UMCOR is Still a Beacon of Hope for Tsunami Survivors
NEW YORK, Dec. 21, 2007—Three years ago the waves of the Indian Ocean turned an incalculable number of lives inside-out. The tsunami swallowed miles of coastline, washed away homes and businesses, filled wells with silt and saltwater, and stole more than a quarter million lives in 11 countries. Thousands of people are now well on their way to recovery thanks to the generosity of United Methodists and others who gave as a show of concern and support to those who suffered so greatly.
The United Methodist Committee on Relief (UMCOR) has been working since that day—December 26, 2004—to help tsunami survivors recover. UMCOR provided some relief and recovery assistance in Somalia, India and Thailand. In Indonesia and Sri Lanka—the countries most affected by the tsunami—UMCOR opened offices that continue to work daily in helping survivors recover what can be recovered and to find a “new normal.” UMCOR emphasizes a shared approach that encourages participants to take ownership of their recovery and to act as project partners. This empowers survivors as they work to restore their lives.
In Aceh Province, Indonesia, UMCOR has helped 40,000 people directly through housing and infrastructure reconstruction, community development, income generation and livelihoods programs, and education. And there is still much to be done. UMCOR also worked with the Methodist Church of Indonesia in Banda Aceh to help them be a place of service to their community.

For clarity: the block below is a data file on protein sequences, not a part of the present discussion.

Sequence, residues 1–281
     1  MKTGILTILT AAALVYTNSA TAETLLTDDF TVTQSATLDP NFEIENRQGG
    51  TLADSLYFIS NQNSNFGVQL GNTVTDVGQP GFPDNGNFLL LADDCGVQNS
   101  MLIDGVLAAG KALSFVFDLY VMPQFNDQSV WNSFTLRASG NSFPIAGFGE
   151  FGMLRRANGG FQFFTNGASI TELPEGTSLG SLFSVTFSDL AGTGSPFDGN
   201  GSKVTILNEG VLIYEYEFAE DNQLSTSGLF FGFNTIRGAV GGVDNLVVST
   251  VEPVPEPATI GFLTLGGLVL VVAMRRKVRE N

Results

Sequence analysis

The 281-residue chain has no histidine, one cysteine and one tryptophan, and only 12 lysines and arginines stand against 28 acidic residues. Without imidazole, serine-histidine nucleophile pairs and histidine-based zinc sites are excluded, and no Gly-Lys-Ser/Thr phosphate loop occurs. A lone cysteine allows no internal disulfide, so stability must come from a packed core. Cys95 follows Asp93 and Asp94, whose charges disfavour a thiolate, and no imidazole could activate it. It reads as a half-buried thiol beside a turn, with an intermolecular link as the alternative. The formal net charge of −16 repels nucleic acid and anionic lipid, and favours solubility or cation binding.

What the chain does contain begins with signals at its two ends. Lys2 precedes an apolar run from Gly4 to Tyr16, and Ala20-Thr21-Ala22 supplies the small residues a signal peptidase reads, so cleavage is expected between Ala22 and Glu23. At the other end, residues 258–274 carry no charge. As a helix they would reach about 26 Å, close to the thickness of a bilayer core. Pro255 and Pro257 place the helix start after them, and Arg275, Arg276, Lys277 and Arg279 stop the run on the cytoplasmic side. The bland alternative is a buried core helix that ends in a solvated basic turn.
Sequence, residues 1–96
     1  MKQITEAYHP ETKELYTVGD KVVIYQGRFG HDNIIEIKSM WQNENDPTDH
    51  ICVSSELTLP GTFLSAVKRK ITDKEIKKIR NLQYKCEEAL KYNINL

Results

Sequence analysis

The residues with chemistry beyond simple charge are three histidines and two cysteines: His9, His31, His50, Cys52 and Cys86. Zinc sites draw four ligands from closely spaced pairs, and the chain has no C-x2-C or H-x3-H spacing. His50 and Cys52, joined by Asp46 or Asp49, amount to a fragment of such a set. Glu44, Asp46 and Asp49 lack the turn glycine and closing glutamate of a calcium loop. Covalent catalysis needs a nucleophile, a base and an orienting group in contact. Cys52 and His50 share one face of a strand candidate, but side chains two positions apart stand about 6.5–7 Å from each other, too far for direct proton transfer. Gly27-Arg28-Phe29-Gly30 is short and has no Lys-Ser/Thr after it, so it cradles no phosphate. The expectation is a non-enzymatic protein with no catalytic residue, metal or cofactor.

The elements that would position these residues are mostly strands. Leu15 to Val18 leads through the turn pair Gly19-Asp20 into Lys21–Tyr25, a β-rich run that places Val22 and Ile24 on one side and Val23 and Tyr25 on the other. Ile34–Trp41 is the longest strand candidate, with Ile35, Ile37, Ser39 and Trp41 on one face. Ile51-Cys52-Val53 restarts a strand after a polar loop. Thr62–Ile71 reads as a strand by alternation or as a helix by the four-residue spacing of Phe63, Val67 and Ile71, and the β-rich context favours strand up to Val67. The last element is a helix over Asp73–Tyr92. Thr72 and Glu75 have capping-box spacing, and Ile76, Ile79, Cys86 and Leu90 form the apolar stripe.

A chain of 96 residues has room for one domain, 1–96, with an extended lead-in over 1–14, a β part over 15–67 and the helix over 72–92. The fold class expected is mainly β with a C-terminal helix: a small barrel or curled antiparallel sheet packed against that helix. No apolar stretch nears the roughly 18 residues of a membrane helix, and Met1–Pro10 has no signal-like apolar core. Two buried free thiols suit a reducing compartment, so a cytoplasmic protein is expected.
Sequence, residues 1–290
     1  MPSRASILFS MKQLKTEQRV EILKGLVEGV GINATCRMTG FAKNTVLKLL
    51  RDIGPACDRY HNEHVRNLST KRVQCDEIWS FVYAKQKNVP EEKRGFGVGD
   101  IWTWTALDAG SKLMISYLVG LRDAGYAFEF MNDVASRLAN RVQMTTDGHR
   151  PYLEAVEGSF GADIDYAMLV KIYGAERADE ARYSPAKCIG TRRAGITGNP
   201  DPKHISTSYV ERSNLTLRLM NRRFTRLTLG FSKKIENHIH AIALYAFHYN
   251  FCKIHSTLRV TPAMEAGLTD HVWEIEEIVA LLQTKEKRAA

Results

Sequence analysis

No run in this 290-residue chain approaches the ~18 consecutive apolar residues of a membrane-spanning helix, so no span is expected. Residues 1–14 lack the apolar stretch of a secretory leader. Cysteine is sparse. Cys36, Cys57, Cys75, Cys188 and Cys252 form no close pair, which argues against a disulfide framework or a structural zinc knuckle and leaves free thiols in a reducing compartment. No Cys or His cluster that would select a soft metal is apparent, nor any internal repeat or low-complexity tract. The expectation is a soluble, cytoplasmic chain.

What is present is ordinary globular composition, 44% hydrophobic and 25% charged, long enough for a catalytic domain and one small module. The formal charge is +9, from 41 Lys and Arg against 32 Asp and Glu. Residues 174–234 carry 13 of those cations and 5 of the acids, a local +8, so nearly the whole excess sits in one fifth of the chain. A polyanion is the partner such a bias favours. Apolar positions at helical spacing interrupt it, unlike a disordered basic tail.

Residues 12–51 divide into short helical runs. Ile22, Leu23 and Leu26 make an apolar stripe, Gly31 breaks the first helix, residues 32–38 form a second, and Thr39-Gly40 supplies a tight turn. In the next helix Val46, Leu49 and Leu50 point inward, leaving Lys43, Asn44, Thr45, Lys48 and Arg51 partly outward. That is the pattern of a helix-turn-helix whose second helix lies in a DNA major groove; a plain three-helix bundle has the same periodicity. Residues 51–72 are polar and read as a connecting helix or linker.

In addition to the work in Aceh Province on the island of Sumatra, UMCOR is expanding its work to Nias Island, which was also heavily damaged in the December 2004 devastation. The island was nearly leveled in a second earthquake in March 2005. In Nias, an area where many families are without access to safe water, UMCOR is conducting a large-scale water research project, which will result in a master water supply plan for South Nias and at least one water supply infrastructure project on the island.
UMCOR’s tsunami recovery efforts in Sri Lanka include collaboration with the Methodist Church of Sri Lanka (MCSL); including helping them expand their own capacity to respond to disaster. The work is interrupted from time to time by ongoing political and military conflict in the tsunami zone, but UMCOR and its partners persist. The challenge spurred UMCOR to seek ways to overcome the causes of the violence, a determination enhanced by a partnership with Muslim Aid, an aid agency based in the United Kingdom.
UMCOR’s programs support survivors of both the tragedies of tsunami and civil strife, providing homes and food, improving agriculture production, rebuilding infrastructures, and generating jobs and business development. Rural reconstruction and development ranks high on the list of priorities. More than 100,000 people have been helped through these projects.
The Work Continues
The work of recovering whole communities following the tsunami’s devastation continues. The generous response of United Methodists and others to this disaster has allowed UMCOR to stay long after many other agencies have left. This is the ongoing witness of United Methodist’s commitment to assist in the recovery of those left most vulnerable—no matter how long it takes.